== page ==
Johann Sebastian Bach – Et Misericordia

Johann Sebastian Bach

portrait of composer Bach(* 21. March/ 31. March 1685 in Eisenach; † 28. July 1750 in Leipzig) was a German composer, cantor as well as organ and harpsichord virtuoso of the Baroque period. He is the most prominent representative of the Bach family of musicians and is regarded today as one of the best-known and most important musicians of all time. His works influenced subsequent generations of composers and inspired artists to create countless arrangements.

Et Misericordia (And mercy) is the sixth movement in Johann Sebastian Bach’s setting of the latin biblical canticle Magnificat. It is set as a duet for alto and tenor and begins with an undulating movement in 12/8 time, played by violins and violas. In the D major version these strings play con sordino, flutes doubling the violins.

Traditionally, Bach composed the first version of the work in E flat major during Advent in 1723. In contrast, Bach researcher Andreas Glöckner hypothesized in 2003 that it had already been written for a performance on the Feast of the Visitation of the Virgin Mary on 2 July 1723. Following the tradition of Leipzig church music, four German Christmas carols were inserted into the Latin text for a performance on a Christmas festival – not necessarily in 1723, since such a performance is not documented this year. According to Glöckner, the handwritten findings of the autograph speak in favour of a later insertion. The four inserted Christmas carols were played in a small instrumentation from the small, today no longer existing “swallow’s nest” gallery of the Thomaskirche. The fourth of the songs has only been preserved in fragments, but could be reconstructed because it is parodied in the cantata BWV 110, Unser Mund sei voller Lachens, in movement 5. For the second version in D major, Bach changed the instrumental instrumentation, defused the harmonically more daring version of 1723 in numerous details, and repainted the inserted Christmas carols.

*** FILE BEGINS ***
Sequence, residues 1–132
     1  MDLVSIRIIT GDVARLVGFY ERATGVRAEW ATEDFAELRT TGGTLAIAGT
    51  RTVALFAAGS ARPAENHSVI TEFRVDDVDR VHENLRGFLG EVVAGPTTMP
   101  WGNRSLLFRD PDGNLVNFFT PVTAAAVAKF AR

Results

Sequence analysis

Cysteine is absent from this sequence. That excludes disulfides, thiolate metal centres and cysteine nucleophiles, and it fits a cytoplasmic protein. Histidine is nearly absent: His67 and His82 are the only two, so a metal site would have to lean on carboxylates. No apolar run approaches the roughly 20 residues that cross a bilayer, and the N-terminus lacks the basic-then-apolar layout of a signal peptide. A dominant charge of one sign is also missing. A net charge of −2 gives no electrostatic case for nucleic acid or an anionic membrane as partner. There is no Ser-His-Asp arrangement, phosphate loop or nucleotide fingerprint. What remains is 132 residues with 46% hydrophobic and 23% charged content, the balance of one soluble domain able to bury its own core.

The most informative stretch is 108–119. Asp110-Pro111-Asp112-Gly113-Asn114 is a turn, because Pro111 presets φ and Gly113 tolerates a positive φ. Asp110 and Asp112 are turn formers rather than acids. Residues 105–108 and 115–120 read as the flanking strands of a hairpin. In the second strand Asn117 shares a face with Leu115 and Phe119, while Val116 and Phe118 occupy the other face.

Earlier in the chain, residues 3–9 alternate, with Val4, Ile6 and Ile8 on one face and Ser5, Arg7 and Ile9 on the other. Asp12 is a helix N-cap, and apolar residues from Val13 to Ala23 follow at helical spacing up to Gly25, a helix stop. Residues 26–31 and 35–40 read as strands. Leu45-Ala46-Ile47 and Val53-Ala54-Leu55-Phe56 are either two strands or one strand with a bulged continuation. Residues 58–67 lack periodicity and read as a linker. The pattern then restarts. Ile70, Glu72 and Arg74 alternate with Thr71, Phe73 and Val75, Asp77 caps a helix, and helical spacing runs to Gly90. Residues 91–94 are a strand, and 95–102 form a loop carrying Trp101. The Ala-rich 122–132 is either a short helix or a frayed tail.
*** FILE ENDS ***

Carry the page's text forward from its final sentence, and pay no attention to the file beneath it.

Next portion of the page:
Traditional setting of the German Magnificat

The traditional setting of Luther’s German translation of the Magnificat (“Meine Seele erhebt den Herren”) is a German variant of the tonus peregrinus, a rather exceptional psalm tone in Gregorian chant. The tonus peregrinus (or ninth tone) is associated with the ninth mode or Aeolian mode. For the traditional setting of Luther’s German Magnificat that is the minor mode for which the last note of the melodic formula is the tonic, a fifth below its opening note.

musical note sheet

The tonus peregrinus variant that is associated with Luther’s German Magnificat appears in compositions by, among others, Johann Hermann Schein, Heinrich Schütz, Johann Pachelbel and Dietrich Buxtehude. Bach uses the melodic formula as an instrumental cantus firmus in movement 10 (Suscepit Israel) of his Latin Magnificat. He uses it again in his “German Magnificat”, i.e. the cantata Meine Seel erhebt den Herren BWV 10 composed for Visitation of 1724, in the chorale harmonisations BWV 323 and 324, and in the fourth Schübler Chorale BWV 648. Also in BWV 733, Fuga sopra il Magnificat, the melodic formula is used as a theme: this chorale prelude may however be the work of Bach pupil Johann Ludwig Krebs.



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